Home > Articles > Open Source > Ajax & JavaScript

  • Print
  • + Share This
This chapter is from the book

Using a Data-Join to Make a Bar Chart

In the previous chapter, we remade our global age distribution bar chart in JavaScript, using D3 selections. We put the results in a file called pop2010-D3.html, which you should take a moment to review now. For the rest of the chapter, we’re going to create that same bar chart again, using a data-join.

To do this, we can use a lot of the same code from pop2010-D3.html. Create a new file called pop2010-data-joins.html and cut and paste the code in Listing 5.1 from pop2010-D3.html:

Listing 5.1 pop2010-data-joins.html

<!DOCTYPE html>
<meta charset="utf-8"> 
       body { 
              font-family: Helvetica;
       svg {
       .top-label {
              font-size: 13px;
              font-style: italic;
              text-transform: uppercase;
              float: left;
       .age-label {
              text-align: right;
              font-weight: bold;
              width: 90px;
              padding-right: 10px;
       .clearfix {
              clear: both;
       .bar {
              fill: DarkSlateBlue;
       .bar-label {
              text-anchor: end;
       .axis-label {
              text-anchor: middle;
              font-size: 13px;
<script src="http://d3js.org/d3.v3.min.js"></script> 

     var popData = [1.6, 1.5, 2.1, 2.6, 3.4, 4.5, 5.1, 6.0, 6.6, 7.1, 7.3, 8.1,  
8.9, 8.8, 8.6, 8.8, 9.3],
          axisData = [0, 2.5, 5.0, 7.5],
          barLabels = ["80 and up", "75-79", "70-74", "65-69", "60-64", "55-59", 
"50-54", "45-49", "40-44", "35-39", "30-34", "25-29", "20-24", "15-19", "10-14", 
"5-9", "0-4"]; 

     var width = 400,
                leftMargin = 100,
                topMargin = 30,
                barHeight = 20,
                barGap = 5,
                tickGap = 5,
                tickHeight = 10,
                scaleFactor = width / popData[16],
                barSpacing = barHeight + barGap,
                translateText = "translate(" + leftMargin + "," + topMargin + ")",
                scaleText = "scale(" + scaleFactor + ",1)";

     var body = d3.select("body"); 

          .text("Age distribution of the world, 2010");

          .attr("class", "top-label age-label")
          .style("width", leftMargin + "px")
          .text("age group"); 

          .attr("class", "top-label")
          .text("portion of the population");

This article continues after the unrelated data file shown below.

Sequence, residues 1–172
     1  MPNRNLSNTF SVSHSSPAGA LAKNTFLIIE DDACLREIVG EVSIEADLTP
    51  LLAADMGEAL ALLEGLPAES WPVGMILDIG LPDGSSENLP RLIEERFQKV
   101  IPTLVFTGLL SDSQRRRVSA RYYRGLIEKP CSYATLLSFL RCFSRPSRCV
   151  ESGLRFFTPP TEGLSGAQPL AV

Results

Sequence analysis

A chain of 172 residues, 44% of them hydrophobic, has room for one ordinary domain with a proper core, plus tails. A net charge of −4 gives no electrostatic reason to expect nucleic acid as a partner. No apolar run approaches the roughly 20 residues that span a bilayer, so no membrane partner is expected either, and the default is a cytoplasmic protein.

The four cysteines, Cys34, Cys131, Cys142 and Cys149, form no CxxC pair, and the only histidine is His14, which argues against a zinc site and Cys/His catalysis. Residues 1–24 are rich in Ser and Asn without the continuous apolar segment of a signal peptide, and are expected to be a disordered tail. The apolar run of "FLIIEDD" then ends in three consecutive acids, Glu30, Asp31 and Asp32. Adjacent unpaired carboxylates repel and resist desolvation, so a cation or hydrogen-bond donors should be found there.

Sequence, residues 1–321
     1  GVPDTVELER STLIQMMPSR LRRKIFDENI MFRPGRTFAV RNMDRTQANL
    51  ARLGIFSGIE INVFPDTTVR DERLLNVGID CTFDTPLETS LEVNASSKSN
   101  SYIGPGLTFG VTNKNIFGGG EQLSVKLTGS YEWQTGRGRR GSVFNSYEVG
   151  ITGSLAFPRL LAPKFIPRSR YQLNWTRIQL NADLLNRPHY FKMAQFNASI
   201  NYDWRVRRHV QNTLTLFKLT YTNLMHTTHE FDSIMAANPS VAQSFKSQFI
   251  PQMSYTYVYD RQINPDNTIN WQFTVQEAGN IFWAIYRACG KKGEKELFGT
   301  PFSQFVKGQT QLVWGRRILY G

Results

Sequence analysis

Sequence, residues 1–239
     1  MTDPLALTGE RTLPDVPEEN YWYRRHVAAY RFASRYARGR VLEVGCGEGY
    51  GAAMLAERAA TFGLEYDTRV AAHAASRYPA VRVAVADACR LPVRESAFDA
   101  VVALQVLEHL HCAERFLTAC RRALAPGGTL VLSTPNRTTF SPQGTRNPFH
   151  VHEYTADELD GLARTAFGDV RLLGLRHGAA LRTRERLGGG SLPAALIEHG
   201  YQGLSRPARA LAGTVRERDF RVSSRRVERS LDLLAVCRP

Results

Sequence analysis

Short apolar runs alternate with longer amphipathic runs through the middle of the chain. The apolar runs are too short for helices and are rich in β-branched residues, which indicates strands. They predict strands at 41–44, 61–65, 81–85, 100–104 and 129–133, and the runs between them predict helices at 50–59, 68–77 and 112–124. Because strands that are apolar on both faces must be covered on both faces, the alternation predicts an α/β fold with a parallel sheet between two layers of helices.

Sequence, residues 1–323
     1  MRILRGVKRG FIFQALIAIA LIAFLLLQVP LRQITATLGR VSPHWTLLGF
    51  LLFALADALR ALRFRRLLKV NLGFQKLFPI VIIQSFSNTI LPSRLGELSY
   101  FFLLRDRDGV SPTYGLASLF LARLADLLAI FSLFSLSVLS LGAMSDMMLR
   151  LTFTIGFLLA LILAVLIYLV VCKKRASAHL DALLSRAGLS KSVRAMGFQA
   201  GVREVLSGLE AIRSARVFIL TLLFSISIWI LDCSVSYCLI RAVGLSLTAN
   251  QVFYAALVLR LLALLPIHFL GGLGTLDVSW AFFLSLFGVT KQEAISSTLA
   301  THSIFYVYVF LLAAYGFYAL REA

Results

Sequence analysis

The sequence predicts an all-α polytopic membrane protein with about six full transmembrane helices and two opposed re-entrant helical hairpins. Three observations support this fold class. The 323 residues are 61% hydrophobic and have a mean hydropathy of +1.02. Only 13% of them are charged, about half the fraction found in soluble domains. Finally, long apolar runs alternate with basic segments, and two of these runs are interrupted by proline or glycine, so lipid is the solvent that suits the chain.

.attr("class", "clearfix"); 

     var svg = body.append("svg"); 

     var barGroup = svg.append("g")
          .attr("transform", translateText + " " + scaleText)
          .attr("class", "bar"); 

This includes everything leading up to the code we used for actually creating the bars of the bar chart, which we did using a for loop. Here’s what that code looks like:

for (var i = 0; i < popData.length; i++) {
          .attr("x", 0)
          .attr("y", i * barSpacing)
          .attr("height", barHeight)
          .attr("width", popData[i]); 

Recall that popData is an array of our age distribution data, where the first entry is the percentage of people who are 80 years old and older, followed by those between 75 years and 79, then 70 to 74, etc.

In the code above, the for loop goes through one iteration for each value in the popData array—17 in total. With every iteration, it appends a new SVG rectangle to the barGroup group element. To barGroup itself, we’ve applied a transform attribute designed to position and size the bars correctly: The entire group is shifted to the right 100 pixels to leave a margin for the bar labels and scaled horizontally so the widest bar will be exactly 400 pixels wide.

Good. But what if we wanted to draw those bars using a data-join instead? Let’s retrace the same steps we went through with our tabloid covers. Load pop2010-data-joins.html in your browser. Figure 5.6 presents what you should see.

Figure 5.6

Figure 5.6 Before the data-join

Now, we want to make some rectangles enter the page. And, specifically, we want them to be part of the group barGroup (which is shown in the DOM in Figure 5.6). So what we need to do is create a selection out of all of the rectangles in barGroup (of course, there aren’t any). Add this line to your code:


Then, we use that one-two punch of .data().enter():


Neither the page nor the DOM has changed yet, but we have a placeholder object for each of our data points. Let’s append some rectangles:


We have 17 rectangles, and each one has a data point bound to it (see Figure 5.7). We now need to set the attributes of those rectangles. Some attributes will be the same for each rectangle—namely x, which determines where the bars start horizontally (remember, we want all of our bars to be aligned to the left, so x will be equal to 0), and height, because all of our bars will be the same height, a constant that we’ve called barHeight. Easy. We can go ahead and add those attributes:

       .attr("x", 0)
       .attr("height", barHeight)

But the other two attributes—width and y—need to be different for each bar:

       .attr("x", 0)
       .attr("height", barHeight)
       .attr("width", // What goes here?)
       .attr("y", // Or here?);

This is where the bound data comes into play. Let’s start with the width. When we were relying on a for loop, we iterated through a variable we called i, and set each rectangle’s width to popData[i]. We essentially want to do the same thing here—we want the width of each bar to be equal to the associated value in popData. But since popData is bound to our rectangles, we don’t need a loop. We can just tell D3, “hey, set the width of each rectangle equal to the data point that it is bound to.”

The way we do that is by using something called an anonymous function.

  • + Share This
  • 🔖 Save To Your Account